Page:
So I run. Literally. And I dance. And I workout like nothing is wrong, adapting and compensating around the injury. Flinching silently, breathing through it, adjusting the movement. It hurts less when I move, or so I tell myself as the endorphins reduce the size of my assailant. I take any escape when my body is quiet and my mind can process any other sensation.

Yet the pain does not relent. When the movement stops, it flares back into place.

Overnight, it changed. Consistently uncomfortable had become tolerable; flashes of pain at movement had become normal. I had packed my life up around the problem and made it work. Then I went to sleep.

With each restless turn, it felt worse. The pain spread deeper over my lethargic muscles. More angles had sharp edges or ignited the fire under my flesh. I found the one neutral position, face down with straight and immobile legs, and I sheltered in it for sleep.

When I did wake, I floundered in the pain. It overwhelmed me, blinded me, surged up over me until I could not move. I struggled to roll over to slam into my limitation. I clawed to sit up and discovered the pain formed a wall to prevent me. I could not move, and when that realization broke upon my mind, I felt the panic bloom in my chest and spread like wildfire over my nerves.

Through a flurry of whimpering and straining, I wrangled myself up from the bed, even to standing unsteadily. Yet when my body unfolded completely upright, there was the pain again. At its highest peak. I clawed at the texture of the paint on the walls as I started to collapse under its weight. My leg was too weak to stand against it.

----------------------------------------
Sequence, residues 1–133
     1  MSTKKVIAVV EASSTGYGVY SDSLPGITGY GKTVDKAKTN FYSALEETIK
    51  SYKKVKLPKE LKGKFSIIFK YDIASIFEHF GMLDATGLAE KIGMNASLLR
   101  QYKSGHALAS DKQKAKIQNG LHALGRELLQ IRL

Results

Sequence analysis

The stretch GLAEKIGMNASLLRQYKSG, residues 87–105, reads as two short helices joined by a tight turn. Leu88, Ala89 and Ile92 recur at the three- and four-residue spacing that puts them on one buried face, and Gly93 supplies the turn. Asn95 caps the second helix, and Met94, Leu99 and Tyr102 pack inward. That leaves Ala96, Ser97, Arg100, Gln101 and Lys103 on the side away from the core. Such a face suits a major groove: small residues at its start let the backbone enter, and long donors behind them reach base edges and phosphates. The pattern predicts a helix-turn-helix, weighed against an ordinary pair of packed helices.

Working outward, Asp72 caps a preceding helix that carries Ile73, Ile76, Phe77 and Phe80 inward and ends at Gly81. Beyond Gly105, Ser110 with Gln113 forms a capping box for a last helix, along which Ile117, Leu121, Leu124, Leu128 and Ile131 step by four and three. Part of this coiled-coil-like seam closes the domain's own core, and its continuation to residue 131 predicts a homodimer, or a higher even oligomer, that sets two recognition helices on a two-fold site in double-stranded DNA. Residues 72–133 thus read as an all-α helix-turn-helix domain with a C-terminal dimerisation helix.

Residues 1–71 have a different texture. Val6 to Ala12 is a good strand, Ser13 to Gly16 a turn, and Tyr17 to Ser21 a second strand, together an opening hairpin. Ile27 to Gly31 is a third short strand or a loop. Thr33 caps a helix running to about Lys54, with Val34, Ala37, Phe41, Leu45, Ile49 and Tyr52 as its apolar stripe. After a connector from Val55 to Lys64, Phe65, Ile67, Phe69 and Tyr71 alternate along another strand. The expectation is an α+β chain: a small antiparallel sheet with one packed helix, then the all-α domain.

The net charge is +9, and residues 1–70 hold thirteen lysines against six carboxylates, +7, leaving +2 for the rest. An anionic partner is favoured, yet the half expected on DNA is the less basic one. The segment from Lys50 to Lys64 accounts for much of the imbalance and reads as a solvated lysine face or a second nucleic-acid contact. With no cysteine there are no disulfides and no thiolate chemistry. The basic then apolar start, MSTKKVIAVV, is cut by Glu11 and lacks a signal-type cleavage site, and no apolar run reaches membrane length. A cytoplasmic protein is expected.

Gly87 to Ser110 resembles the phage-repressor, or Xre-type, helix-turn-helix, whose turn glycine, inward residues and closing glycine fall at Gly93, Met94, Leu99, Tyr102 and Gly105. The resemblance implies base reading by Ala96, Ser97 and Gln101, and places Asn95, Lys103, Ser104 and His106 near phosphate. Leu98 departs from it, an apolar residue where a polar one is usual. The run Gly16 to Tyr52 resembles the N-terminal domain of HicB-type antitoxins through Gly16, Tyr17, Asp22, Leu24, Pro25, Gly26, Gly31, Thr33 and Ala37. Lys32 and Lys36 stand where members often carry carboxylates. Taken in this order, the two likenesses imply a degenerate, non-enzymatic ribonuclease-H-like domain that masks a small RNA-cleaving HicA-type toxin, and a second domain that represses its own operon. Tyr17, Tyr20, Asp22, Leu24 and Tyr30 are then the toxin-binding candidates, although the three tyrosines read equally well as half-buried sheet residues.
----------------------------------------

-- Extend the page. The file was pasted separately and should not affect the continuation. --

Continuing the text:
My husband gathered me, sobbing panicked and disheartened. He dressed me and iced my leg and consoled me until I could move again. Then he mocked me mercilessly to make me smile.

The pain recedes and leaves me washed up on the original shore, still holding my hand like that constant friend.

When it comes to preparation for the apocalypse, it is more than just canned goods and a bug out plan. Mental fortitude and well stocked supplies are crucial pieces of the survival picture; however, physical conditioning is just as important. All the well laid plans will not save you if you cannot outrun a zombie or assailant.

With the importance of physical preparedness in mind and included in my full apocalypse prepping, I give you my apocalypse anticipatory workout.

(*Note: I have no personal training experience or exceptional fitness expertise, so take this as you will…)

Cardio

Rule #1: Cardio. We all know it. We did not even need Zombieland to tell us (though it was awesome and hilarious to see). Whether you are sprinting to safety with a zombie on your heels or chasing down your dinner or nomadically trekking across the country, you need the endurance and conditioning (the cardio) to sustain the task at hand.

You would think that running and speed would be crucial, and it is important. However, the apocalypse (like a horror movie franchise) is a marathon, not a sprint. Yes, you will be running and fleeing and evading. More often, you will probably just be moving. Probably constantly moving, traveling on foot.

As such, you need to prepare for both.